Wednesday, March 31, 2010

Secure wireless LAN for large UK university campus (Aruba Networks)

Aruba Networks has been selected by The University of Manchester to upgrade its campus wireless network with a high-speed 802.11n solution. The University of Manchester is the UK’s largest single-site university, and depends heavily upon IT infrastructure to support its 35,000 students, 11,400 faculty and staff, and world-class research, innovation, and learning initiatives. To address wireless usage that outstripped the capability of its legacy Cisco ‘Fat’ AP network, meet demanding future video and virtual learning needs, and provide pervasive coverage that may ultimately require in excess of 4,000 access points, the university conducted an extensive technical review of single, multi-channel, and adaptive wireless LANs. Aruba was selected after the university determined that Aruba’s adaptive wireless LANs were more scalable, Adaptive Radio Management (ARM) easier to deploy, and overall the network was more easily managed than competing systems. The network will be supplied by authorised platinum Aruba partner, Pervasive Networks.

“We looked for a solution that could scale to deliver a pervasive wireless network on campus, yet would be cost effective and both easy to deploy and easy to manage,” said Darren Hankinson of The University of Manchester’s IT Services. “Aruba won on all points: its ARM technology makes deployment simple and automates a lot of the management; it’s easy to build and manage all the different user communities we need to support; and the scalability of the solution is exemplary.”

Aruba’s massively scalable centralised architecture delivers switch-like performance while lowering IT operating expenses by simplifying network set-up, expansion, and updates. A master-local design allows master Mobility Controllers in the data centre to manage and update dispersed controllers supporting local 802.11n access points. This field-proven architecture minimises IT overhead while delivering visibility into, and fine-grained control of, the entire network.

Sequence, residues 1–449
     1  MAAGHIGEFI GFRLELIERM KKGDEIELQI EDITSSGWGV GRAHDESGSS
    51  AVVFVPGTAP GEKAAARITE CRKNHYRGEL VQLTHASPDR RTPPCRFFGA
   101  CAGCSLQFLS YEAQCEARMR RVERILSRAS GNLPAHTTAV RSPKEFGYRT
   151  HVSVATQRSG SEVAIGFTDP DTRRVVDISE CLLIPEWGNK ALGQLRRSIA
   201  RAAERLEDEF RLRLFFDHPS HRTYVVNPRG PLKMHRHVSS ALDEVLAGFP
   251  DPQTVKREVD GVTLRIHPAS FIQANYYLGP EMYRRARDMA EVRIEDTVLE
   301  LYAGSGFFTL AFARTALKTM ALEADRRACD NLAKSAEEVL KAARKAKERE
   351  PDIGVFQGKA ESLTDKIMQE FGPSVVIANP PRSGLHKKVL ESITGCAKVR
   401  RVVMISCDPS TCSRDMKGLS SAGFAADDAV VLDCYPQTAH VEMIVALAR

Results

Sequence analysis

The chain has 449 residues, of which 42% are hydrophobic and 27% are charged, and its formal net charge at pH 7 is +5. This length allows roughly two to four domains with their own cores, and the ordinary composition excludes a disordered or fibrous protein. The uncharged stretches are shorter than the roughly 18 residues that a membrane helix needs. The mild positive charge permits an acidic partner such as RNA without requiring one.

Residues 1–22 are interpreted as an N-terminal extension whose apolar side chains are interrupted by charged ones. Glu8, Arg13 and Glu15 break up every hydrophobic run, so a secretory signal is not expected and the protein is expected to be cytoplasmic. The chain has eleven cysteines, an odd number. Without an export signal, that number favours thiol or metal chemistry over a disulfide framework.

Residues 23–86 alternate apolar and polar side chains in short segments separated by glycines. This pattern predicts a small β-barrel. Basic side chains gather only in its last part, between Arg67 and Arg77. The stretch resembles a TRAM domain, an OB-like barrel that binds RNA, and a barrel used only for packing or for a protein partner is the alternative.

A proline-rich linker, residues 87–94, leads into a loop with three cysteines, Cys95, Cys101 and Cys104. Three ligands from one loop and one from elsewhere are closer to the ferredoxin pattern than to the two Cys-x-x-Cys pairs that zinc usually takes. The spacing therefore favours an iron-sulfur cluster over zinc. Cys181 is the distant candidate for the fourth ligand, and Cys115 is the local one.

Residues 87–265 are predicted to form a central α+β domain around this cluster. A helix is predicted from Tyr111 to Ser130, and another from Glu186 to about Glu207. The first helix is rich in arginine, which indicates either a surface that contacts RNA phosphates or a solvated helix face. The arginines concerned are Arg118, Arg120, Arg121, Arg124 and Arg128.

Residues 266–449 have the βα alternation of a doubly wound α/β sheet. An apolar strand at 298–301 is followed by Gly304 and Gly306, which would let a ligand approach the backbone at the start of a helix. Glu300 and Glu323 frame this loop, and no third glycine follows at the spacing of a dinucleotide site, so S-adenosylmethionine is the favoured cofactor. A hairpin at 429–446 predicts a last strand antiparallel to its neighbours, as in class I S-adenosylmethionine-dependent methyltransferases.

An ICSA-certified policy-enforcement firewall provides identity-based security, Quality of Service control, and traffic management capabilities. The firewall classifies traffic on the basis of user identity, device type, location, and time of day, and provides differentiated access for different classes of users. Guest access to applications and resources, and even bandwidth consumed, are tightly controlled by the firewall and an integrated captive portal.

Aruba’s Mobility Controllers authenticate users through Active Directory, RADIUS, LDAP and other commonly employed databases. Until such time as they are decommissioned, traffic from the 400 legacy Cisco ‘Fat’ APs will be passed through the Aruba controllers for authentication to deliver a uniform end-user experience.

To optimise Wi-Fi performance in real-time, ARM technology uses infrastructure-based controls to manage how Wi-Fi clients interact, and ensure that 802.11n data, voice, and video applications have sufficient network resources to operate properly. Acting on their own, Wi-Fi clients do not always work cooperatively with other clients, or select the optimal band, channel, and access point. These issues are exacerbated in environments like lecture halls and dormitories with high-bandwidth applications and densely-packed clients. ARM has been demonstrated to increase 802.11n throughput by more than 200%, enabling more than 100 laptops to reliably display multi-media lectures delivered from a single access point.

“Scaling a wireless LAN to support thousands of high-speed 802.11n access points is no mean feat,” said Bob Vickers, sales director of Aruba UK and Ireland. “It requires high throughput controllers, automatic management of the ever-changing RF environment, and centralised management. The University of Manchester validated that the robustness and scalability of Aruba’s adaptive wireless LANs make them a best-in-class solution for the rigors of a large university deployment.”

(Source - Secure wireless LAN for large UK university campus (Aruba Networks)

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